It is because of hope that you suffer. It is through hope that you’ll change things. Maxime Lagacé
I recently read an article in Psychology Today that gave a name for something I have been feeling for four years: “Prolonged Grief Disorder.” It is the result of what they call “ambiguous loss” where a person is pulled back and forth between hope and despair.
I pictured a candle labeled “Hope” that is sometimes bright and sometimes sputtering.
Prolonged Grief Disorder is common among people who have missing family members. Common too in this group is depression, suicide, and severe health problems. Odd. That’s common among people with high ACE scores too. I found out today mine is a 9 out of 10.
Hope is literally the only thing keeps me going most days.
The solution, the article claimed, is to let go of hoping for a happy ending. Find another reason to hope and stop hoping for your loved one to return.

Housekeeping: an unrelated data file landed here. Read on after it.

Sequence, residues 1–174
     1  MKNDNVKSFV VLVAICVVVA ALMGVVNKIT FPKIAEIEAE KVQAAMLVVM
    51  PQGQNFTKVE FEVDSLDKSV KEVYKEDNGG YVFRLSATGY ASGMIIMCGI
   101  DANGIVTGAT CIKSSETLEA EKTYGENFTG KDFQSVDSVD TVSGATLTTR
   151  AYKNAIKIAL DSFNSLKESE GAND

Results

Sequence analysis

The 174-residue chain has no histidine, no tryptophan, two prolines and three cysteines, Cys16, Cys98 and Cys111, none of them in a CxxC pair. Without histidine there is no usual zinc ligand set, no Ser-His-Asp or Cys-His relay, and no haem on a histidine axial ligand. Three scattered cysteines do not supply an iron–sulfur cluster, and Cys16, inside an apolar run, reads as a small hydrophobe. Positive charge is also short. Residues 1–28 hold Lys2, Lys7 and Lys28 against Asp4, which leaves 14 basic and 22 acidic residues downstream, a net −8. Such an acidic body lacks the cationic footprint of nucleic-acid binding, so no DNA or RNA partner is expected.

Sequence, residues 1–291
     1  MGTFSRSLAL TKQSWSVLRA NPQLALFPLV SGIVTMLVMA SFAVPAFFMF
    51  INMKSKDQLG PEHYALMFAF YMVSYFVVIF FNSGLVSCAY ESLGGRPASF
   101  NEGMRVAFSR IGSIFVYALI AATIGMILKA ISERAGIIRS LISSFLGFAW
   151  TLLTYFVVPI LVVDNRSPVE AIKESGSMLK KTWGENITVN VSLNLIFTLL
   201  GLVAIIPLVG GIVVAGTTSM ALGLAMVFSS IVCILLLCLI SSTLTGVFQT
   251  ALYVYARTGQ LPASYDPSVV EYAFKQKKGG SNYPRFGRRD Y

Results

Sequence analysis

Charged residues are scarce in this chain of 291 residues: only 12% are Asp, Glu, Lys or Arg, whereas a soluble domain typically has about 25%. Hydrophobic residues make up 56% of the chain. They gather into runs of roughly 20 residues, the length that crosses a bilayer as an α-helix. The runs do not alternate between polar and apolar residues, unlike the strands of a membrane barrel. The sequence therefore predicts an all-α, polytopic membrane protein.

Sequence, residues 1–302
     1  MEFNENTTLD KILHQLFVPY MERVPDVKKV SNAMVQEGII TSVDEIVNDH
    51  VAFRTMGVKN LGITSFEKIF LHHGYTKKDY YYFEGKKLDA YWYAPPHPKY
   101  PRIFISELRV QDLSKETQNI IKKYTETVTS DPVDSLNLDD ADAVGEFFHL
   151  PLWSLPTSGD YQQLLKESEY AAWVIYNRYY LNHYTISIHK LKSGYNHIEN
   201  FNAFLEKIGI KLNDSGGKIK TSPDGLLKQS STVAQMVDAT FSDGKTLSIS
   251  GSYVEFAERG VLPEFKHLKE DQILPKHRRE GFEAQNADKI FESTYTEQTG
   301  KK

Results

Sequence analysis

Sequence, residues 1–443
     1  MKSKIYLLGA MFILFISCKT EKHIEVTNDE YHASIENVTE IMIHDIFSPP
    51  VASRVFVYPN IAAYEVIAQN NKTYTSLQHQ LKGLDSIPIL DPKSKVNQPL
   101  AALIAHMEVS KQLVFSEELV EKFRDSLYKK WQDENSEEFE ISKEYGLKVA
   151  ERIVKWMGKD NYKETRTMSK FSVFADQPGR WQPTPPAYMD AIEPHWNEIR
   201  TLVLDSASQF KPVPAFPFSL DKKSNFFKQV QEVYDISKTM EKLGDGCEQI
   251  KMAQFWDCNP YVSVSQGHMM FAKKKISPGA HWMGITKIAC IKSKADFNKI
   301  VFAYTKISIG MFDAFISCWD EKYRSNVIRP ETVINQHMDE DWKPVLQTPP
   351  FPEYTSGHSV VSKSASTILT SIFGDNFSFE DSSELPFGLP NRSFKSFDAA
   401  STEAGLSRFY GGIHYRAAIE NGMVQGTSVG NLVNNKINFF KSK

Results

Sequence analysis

The art of survival would appear to hinge on how to find new meaning and hope in life, according to Frankl, and this might mean having to say goodbye when you remain unconvinced that you can be certain what happened to your loved one. This sometimes feels like a betrayal.
With any ambiguous loss, you are the one who has to make the choice to finally say goodbye, whereas with every other kind bereavement, that decision is forced upon you.
“…sometimes feels like a betrayal…”? How could it not always feel like a betrayal? When I read this, I cried for days. Literally days. I couldn’t even begin to think of letting go. I read the article just a week or so before Ben’s 36th birthday, February 21st. Birthdays are a big deal in our family. We really celebrate each year of our loved one’s birth — a party if they are near, or singing on the phone and gifts if they are far. I started this tradition when they were little. Ben’s birthday is hard now, for all of us.
And this day — March 2nd — sucks.
I don’t know if the advice given in Psychology Today would work for others, but it will not work for me. I cannot blow out my candle of hope. I won’t.
Featured photo by Lars Nissen Photoart, Pixabay.